Logo of Phnom Penh Post newspaper Phnom Penh Post - The Gecko: 30 october 1998

The Gecko: 30 october 1998

The Gecko: 30 october 1998

** A Western businessman flew in from Singapore

several weeks ago with three grand worth of computer

equipment. As he passed through customs, wondering about

duties, one of the officials noticed he was sporting a

Hun Sen watch and asked the barang where he got it. With

a weighty "Don't ask, don't tell" look, the

senior executive replied: "I can't tell you

that". The customs official waved him by duty free,

with a graciousnesss befitting a high-level status worth


** One visitor to the Kingdom engaged in some exotic

shopping before his departure, sailed through the

security checkpoints at the airport without raising an

eyebrow, and then told a fellow passenger after his

arrival in Bangkok that he'd carried a hand-grenade with

him on the flight as a small souvenir from his Cambodian


** Soothsayers in town are concerned. They note the

Tonle Sap switched directions one month earlier than

normal and now speculate this might be a bad omen for the

future of the Great Lake. However, golf course

developers, looking on the brighter side of things to

come, say if the lake dries up due to continued

siltation, there is enormous potential for the

construction of sand-trap-focused golf course in the

"off-shore" Siem Reap area.

** The Cathouse has come up with a new scheme to cope

with the economic downturn. Instead of Happy Hour,

they've instituted a "Depression Hour", and it

lasts a long time - from 4pm to 8pm. Prices have been

slashed. With the slogan "we're waiting for things

to get better," the management is confident there is

a light at the end of the no-government tunnel.

** The appoinment of Ginger Spice as a UN Goodwill

Ambassador for Contraception and Sex Education has the

development set all a-twitter with the thought that one

of Britain's most famous condiments might pay a courtesy

call on Cambodia to help fight the AIDS epidemic.

Reflecting the wave of excitement sweeping the donor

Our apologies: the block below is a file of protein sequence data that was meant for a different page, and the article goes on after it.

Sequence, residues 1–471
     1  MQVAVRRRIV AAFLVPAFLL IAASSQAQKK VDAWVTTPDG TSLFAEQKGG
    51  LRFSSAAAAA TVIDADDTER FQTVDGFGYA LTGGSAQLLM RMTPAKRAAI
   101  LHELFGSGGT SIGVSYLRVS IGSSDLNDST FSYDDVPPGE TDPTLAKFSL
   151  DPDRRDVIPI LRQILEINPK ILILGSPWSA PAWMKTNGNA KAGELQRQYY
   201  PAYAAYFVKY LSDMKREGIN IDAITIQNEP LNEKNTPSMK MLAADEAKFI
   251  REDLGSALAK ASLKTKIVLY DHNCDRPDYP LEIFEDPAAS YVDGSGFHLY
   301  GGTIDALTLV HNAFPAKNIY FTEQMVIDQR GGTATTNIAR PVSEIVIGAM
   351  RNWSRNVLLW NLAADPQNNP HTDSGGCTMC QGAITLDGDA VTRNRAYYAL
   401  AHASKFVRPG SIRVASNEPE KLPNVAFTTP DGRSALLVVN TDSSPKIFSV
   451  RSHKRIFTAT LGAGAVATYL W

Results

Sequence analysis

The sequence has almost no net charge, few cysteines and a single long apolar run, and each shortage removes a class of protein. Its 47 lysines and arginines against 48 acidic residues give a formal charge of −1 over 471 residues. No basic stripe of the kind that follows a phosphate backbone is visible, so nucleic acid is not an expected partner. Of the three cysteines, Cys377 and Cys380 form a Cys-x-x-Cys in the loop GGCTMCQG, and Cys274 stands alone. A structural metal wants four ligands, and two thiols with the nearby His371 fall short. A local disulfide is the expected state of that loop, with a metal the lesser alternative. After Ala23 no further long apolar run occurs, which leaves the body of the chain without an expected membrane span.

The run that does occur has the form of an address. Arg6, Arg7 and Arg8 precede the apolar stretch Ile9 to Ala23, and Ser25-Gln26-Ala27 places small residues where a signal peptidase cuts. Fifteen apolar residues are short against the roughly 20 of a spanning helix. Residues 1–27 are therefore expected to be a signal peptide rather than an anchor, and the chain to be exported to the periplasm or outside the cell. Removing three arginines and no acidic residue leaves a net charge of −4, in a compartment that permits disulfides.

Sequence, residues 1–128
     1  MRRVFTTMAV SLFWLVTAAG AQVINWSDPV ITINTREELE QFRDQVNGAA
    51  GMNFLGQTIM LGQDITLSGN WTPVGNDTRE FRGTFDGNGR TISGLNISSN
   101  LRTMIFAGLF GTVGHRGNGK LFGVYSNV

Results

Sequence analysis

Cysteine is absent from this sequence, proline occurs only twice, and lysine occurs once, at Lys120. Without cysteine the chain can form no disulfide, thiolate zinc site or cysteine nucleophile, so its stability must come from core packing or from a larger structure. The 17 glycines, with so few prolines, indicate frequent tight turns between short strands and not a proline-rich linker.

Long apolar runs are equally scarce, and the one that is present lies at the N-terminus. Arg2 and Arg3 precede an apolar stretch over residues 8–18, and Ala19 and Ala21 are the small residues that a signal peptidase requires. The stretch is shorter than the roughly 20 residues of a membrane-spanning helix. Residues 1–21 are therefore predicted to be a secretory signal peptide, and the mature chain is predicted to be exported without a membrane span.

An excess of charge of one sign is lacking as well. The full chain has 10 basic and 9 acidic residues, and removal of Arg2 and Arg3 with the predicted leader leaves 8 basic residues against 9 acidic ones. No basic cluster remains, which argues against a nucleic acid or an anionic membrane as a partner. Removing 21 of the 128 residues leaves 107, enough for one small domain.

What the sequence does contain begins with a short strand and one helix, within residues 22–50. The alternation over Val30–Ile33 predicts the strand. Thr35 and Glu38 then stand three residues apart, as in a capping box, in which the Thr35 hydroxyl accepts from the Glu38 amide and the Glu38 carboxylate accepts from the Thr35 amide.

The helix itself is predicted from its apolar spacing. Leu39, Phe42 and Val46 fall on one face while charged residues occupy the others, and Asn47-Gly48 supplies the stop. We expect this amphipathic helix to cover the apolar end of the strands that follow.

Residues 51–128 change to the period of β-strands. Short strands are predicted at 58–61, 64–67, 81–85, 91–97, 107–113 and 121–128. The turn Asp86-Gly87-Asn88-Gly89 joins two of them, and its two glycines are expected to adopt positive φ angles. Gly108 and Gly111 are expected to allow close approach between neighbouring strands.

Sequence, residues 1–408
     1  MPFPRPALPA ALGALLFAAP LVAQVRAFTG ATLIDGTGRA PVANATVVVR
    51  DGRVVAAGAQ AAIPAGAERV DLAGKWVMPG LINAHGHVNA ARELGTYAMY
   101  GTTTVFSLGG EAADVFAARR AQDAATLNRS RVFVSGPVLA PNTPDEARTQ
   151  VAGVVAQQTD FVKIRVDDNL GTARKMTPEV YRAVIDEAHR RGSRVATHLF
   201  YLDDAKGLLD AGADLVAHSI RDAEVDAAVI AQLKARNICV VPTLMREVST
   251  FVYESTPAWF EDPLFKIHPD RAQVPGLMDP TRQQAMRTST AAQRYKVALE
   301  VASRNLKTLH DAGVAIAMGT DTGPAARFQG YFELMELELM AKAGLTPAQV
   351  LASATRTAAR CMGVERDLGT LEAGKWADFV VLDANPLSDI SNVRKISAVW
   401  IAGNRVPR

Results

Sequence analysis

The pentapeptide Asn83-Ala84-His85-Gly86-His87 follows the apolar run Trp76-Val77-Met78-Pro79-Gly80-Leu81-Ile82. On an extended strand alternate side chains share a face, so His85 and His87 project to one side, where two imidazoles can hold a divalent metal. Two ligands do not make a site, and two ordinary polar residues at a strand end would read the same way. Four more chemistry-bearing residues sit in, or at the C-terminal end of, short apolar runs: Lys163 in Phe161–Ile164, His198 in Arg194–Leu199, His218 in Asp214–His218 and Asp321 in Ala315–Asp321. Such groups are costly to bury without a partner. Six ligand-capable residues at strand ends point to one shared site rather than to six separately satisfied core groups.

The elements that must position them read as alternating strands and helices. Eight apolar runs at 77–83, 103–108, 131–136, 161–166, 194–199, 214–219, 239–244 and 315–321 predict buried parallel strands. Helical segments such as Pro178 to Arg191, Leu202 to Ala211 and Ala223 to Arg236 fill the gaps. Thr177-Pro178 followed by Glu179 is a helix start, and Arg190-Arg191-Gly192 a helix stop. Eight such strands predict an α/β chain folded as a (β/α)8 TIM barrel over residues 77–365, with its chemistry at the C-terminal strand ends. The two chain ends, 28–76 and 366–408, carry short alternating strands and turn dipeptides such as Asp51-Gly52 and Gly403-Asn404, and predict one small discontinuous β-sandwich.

community, one British official enthused: " The

Spice Girls are our biggest current export in terms of

culture. Its really depressing."

** Some American tourists travelling in Spain were

recently queried about the on-going tiff between US

congressman Dana Rohrabacher and the Cambodian

government, and the larger debate over continued US aid

for the Kingdom should the Constitution be amended to

allow for the formation of a new government with a simple

majority. Bert and Madge Huckabee, who hail from Tulsa,

thought pensively about the issue for several minutes,

their brows furrowed, and then responded: "where's


** The "Touchy-Feely Management of the Week

Award" goes to USAID. Gathering all its local and

foreign partners together for a self-criticism session

last week, USAID organizers unveiled a big "Sok

Sabai Happy Face" white-board. "This meeting

doesn't have to be all about problems," USAID told

NGO reps who were either baffled (Khmer) or cringing with

embarrassment (foreign) - "anytime, you can come

right up to the 'Sok Sabai Happy Face' board and write up

anything that has made you happy working with

USAID!" Then everyone was given a namecard and pen

and asked to draw a little picture on one corner about

what USAID meant to them. Most of the Khmer NGOs got the

point straightaway and drew stylized gardens, with USAID

as the golden sun overhead nurturing the beautiful

flowers of, presumably, democracy-building, judicial

training and health care. Shame on the cynic who

separated USAID Washington and Phnom Penh on different

sides of the card, both feeding into a rickety machine

with mis-matched cogs and gears and leaking oil.

** The buzz in Bangkok? Possibly the Funcinpec Royal

Air Force. During the tough peace negotiations in 1991,

Prince Ranariddh often sought solace and contemplation by

flying his squadron of radio-controlled airplanes. So

great was the solace and contemplation that his aides

were often hard-pressed to drag him back to matters of

state. Weather conditions seem perfect, then, for FRAF to

take to the air again.

** Aussie novelist and lawyer Eddie asked for a

takeaway pizza from Happy Herbs. "What flavor?"

"Eddie's pizza," he replied, having had one

already. "Eddies" was misheard, instead, for

"Happies". Result? A full three-day psychotic

experience and severe sickness for Eddie, who said that

he'd never had marijuana before and felt like his brain

was melting.


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